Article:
Tomorrow Never Knows
The last song on Revolver, the Beatles' 1966 studio album, is Tomorrow Never Knows. It was the first song recorded for the project, on April 6, 7 and 22 of 1966. John Lennon was the principal author and composer of the song. Tomorrow Never Knows is considered creative, experimental and innovative, thus contributing to the favorable critical reaction to the album as a whole. It is solidly within the genre of "psychedelic rock," which the Beatles helped to invent.
Lennon wrote Tomorrow Never Knows in January, 1966, taking his lyrics from the Tibetan Book of the Dead, as adapted by Timothy Leary et al in The Psychedelic Experience. An unusual feature of the song is that the title does not appear in the words. Rather, the work (provisionally called Mark I and The Void) received its final name from a "Ringoism" that took place when the Beatles returned from their 1964 American tour and were interviewed by the BBC.
Technologically, Tomorrow Never Knows was a pioneering track, as it used ADT (automatic double tracking) for the vocal parts, thus giving the voices more presence in the mix. This was an invention of Ken Townsend, the studio's technical manager, to avoid making John overdub his own voice, a process he did not enjoy. Lennon is recorded through a "Leslie speaker," a device normally used for the Hammond Organ to give it that subtle tremolo effect. This was the suggestion of the then-rookie sound engineer Geoff Emerick, who was trying to meet Lennon's request that the voice sound like "a hundred chanting Tibetan monks." This effect starts with the line, "Love is all and love is everyone." Paul made tape loops that created an Indian feel (unusual modes and scales). Ringo contributed a drum line that seemed to be the opposite of his usual metronome-like constancy. His tom toms were loosened and the drum track compressed, echoed and slowed down. Drums became the focal point of the music, perhaps more notable in this track than in any other recording by the Beatles.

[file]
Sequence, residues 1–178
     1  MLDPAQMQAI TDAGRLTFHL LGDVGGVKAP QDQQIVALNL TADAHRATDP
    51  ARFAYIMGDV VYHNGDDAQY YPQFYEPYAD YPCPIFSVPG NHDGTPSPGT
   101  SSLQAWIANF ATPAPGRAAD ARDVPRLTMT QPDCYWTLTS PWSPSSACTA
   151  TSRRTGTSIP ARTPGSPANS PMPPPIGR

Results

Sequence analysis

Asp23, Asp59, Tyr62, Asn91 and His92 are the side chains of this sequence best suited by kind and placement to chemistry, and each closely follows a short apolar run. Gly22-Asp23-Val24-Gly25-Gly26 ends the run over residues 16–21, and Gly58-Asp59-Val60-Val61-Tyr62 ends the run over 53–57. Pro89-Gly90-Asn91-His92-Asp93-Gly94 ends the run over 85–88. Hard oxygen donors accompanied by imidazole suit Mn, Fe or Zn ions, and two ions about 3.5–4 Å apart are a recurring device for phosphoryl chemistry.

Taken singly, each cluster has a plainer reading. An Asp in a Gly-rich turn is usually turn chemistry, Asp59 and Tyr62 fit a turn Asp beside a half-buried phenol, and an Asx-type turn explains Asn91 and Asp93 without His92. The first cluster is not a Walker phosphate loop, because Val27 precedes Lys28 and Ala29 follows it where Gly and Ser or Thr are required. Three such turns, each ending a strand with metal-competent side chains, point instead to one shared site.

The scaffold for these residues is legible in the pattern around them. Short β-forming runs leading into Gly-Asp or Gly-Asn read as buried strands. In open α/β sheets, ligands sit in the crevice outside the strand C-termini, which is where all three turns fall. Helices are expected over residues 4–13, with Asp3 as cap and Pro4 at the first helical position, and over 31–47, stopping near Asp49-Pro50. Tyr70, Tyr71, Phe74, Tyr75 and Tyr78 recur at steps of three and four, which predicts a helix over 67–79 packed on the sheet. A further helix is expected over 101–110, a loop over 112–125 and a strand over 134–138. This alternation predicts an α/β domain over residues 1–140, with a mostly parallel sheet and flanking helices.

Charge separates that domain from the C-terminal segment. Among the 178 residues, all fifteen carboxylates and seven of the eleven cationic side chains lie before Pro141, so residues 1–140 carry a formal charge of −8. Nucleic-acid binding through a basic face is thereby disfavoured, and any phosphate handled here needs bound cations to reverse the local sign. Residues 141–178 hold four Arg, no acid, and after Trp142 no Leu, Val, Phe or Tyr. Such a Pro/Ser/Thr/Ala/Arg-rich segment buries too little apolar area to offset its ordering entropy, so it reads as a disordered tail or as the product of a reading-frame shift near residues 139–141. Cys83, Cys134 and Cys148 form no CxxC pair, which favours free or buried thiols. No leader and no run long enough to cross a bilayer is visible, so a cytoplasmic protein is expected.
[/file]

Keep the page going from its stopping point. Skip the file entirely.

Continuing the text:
The drone in the song is a C chord with an occasional shift to B-flat. The cymbals and the guitar solo (taken from Taxman) are played backwards, yet another Beatles innovation that became more commonplace in recording sessions for subsequent albums. The arrangement also included Indian instruments: sitar and tambura, and the Mellotron (using flutes and violins).
The first take of Tomorrow Never Knows from the April 6 session can be heard on Anthology 2.